There’s evidence that information gathering via Internet search has altered human cognitive behavioral function in the areas of information processing, reward processing and control. Being able to search rapidly and widely for a solution increases the ability and speed with which critical problems can be solved, in a way impossible before the Internet. It seems that now we work smarter than ever before.
The Internet aids those with unimpaired and impaired memory alike
Accessing Internet resources like Google can serve as memory support for those who have some impairment, as well as those who don’t. It’s changed the doctor patient relationship and the treatment process for the better. Search engines can help those with faulty memory by reducing their need to store facts and extraneous data in their heads (Kennedy, 2015).
Education in Medicine notes that doctors should effectively use Internet resources available to them. Medicine works better when both patients and doctors read and analyze new data. Patients who have firsthand familiarity with their problems can often bring important research they have uncovered to their doctors, aiding in both diagnosis and treatment. When dealing with illness and many other problems that need to be solved, we’re seeking to identify both cause and solution.
Google changes thought patterns – an evolutionary enhancement
Man has evolved over the last 200,000 years, learning how to find food and shelter more effectively with tools. In the process, we have participated in ever evolving oral and written communication. Moving from nomadic cultures to living in agrarian and technical societies, we have become more knowledgeable and more effective. Each step of the way, we’ve increased our skills, organizational function and cultural abilities, learning to create structures of abstract and physical nature to aid us in better living. Google is part of that ability structure and perhaps a far more powerful tool than any ever used before in the history of man.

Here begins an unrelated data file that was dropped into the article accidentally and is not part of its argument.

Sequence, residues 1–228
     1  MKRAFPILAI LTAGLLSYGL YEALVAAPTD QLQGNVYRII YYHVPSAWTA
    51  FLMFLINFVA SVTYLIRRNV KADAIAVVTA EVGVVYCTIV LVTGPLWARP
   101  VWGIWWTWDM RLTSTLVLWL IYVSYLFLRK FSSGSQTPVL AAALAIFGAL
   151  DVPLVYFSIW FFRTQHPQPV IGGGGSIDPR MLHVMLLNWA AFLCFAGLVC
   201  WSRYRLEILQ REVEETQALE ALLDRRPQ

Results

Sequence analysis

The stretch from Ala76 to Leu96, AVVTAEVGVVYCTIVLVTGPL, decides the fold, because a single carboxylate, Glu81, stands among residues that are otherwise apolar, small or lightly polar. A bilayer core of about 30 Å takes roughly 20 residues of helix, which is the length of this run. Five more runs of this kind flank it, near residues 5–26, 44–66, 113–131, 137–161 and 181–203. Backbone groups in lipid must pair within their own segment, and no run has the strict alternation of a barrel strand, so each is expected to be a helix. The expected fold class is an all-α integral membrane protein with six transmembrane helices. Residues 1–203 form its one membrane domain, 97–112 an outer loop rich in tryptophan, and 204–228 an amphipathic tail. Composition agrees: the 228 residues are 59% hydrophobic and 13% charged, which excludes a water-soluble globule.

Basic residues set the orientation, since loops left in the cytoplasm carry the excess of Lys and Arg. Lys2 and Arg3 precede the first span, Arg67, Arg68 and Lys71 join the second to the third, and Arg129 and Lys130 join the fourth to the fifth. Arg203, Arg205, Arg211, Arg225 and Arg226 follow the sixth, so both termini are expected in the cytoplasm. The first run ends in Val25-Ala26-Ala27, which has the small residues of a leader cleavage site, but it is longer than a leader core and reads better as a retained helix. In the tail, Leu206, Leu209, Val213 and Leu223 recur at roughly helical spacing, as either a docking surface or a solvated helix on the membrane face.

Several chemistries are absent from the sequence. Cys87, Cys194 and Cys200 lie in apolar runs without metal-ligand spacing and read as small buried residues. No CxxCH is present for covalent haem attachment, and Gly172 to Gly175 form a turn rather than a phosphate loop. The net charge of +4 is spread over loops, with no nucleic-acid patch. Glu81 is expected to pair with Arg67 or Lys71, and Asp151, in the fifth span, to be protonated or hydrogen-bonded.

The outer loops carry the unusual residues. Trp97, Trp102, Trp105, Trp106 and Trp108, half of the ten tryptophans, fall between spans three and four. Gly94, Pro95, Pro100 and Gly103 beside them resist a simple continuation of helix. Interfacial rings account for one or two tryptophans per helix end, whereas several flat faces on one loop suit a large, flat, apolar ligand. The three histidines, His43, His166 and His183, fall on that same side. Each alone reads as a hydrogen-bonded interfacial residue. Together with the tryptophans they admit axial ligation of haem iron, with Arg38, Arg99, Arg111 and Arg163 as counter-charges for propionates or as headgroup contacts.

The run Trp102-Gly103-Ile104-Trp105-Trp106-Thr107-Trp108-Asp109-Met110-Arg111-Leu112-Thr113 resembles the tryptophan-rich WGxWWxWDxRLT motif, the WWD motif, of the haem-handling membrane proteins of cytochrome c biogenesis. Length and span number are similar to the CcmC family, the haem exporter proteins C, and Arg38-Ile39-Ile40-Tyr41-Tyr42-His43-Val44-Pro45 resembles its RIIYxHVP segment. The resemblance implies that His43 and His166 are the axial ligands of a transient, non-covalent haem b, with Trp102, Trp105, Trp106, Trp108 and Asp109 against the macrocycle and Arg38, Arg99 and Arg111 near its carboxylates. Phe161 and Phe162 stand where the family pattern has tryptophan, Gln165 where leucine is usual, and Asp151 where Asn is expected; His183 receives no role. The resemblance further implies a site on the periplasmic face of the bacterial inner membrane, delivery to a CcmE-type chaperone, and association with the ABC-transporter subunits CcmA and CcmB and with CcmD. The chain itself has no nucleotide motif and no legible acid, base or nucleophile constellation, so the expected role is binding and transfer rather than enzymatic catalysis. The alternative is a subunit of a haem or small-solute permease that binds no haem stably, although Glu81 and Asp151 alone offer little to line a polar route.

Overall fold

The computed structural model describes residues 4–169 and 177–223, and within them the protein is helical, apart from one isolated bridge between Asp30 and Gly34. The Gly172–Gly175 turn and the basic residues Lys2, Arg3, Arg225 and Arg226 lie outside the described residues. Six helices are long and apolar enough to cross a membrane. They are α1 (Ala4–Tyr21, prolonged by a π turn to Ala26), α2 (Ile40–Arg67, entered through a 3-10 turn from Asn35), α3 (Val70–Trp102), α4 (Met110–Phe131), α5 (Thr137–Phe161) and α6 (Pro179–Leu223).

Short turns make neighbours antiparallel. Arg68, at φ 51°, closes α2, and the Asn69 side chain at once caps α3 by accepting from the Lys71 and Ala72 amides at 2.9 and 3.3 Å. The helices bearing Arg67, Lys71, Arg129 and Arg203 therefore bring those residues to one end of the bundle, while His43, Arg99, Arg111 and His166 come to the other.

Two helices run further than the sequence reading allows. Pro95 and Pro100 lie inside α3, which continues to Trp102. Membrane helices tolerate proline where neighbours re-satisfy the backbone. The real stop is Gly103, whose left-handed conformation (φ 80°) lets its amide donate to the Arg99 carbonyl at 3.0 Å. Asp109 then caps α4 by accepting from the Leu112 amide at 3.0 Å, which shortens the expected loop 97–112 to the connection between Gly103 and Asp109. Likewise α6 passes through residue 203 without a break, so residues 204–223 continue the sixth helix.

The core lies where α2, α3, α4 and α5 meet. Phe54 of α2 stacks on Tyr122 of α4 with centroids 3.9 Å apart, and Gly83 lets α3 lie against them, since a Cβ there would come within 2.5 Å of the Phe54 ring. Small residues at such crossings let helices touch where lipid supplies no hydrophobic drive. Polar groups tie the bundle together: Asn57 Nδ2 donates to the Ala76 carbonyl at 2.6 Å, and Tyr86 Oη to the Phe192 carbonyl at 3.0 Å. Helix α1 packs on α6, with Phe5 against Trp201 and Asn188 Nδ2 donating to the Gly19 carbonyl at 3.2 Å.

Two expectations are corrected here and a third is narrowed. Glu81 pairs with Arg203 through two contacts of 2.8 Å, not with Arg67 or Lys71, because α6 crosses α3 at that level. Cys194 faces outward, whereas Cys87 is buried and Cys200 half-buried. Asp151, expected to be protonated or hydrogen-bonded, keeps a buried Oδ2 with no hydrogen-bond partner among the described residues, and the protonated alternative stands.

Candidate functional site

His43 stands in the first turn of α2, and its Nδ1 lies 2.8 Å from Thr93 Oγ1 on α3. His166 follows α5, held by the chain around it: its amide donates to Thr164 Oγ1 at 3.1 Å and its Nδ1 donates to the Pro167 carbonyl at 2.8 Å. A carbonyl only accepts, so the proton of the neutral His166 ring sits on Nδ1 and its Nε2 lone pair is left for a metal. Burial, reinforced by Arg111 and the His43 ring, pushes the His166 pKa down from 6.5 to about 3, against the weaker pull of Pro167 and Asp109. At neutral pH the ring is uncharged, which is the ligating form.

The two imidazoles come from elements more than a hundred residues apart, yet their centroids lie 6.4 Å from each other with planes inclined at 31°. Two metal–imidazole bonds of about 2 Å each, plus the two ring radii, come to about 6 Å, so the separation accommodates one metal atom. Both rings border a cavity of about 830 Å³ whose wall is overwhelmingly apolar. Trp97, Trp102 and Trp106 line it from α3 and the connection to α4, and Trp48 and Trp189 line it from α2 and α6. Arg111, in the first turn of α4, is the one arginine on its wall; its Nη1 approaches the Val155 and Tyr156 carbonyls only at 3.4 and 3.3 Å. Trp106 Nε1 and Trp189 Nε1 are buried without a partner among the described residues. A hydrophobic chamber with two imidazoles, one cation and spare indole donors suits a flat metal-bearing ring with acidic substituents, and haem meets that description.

Google is far more than the acquisition of shallow information or a quick fix for a lazy or defective memory. It can give every one of us the ability to have the best education available anywhere and one that is specifically tailored to our interests and needs. Knowledge is power and in Google we find a magnificent intellectual tool that can empower us as individuals and as a worldwide collective. If the downside is a tiny bit of Internet addiction that can be fixed with reeducation like Cognitive Behavioral Therapy, so be it. Multitasking enabled by Google’s search engine is a different, more effective way of doing things, not an impediment to cognition. Google succeeds brilliantly in their global mission to organize the world’s information and make it universally accessible.
by Linda Kaidan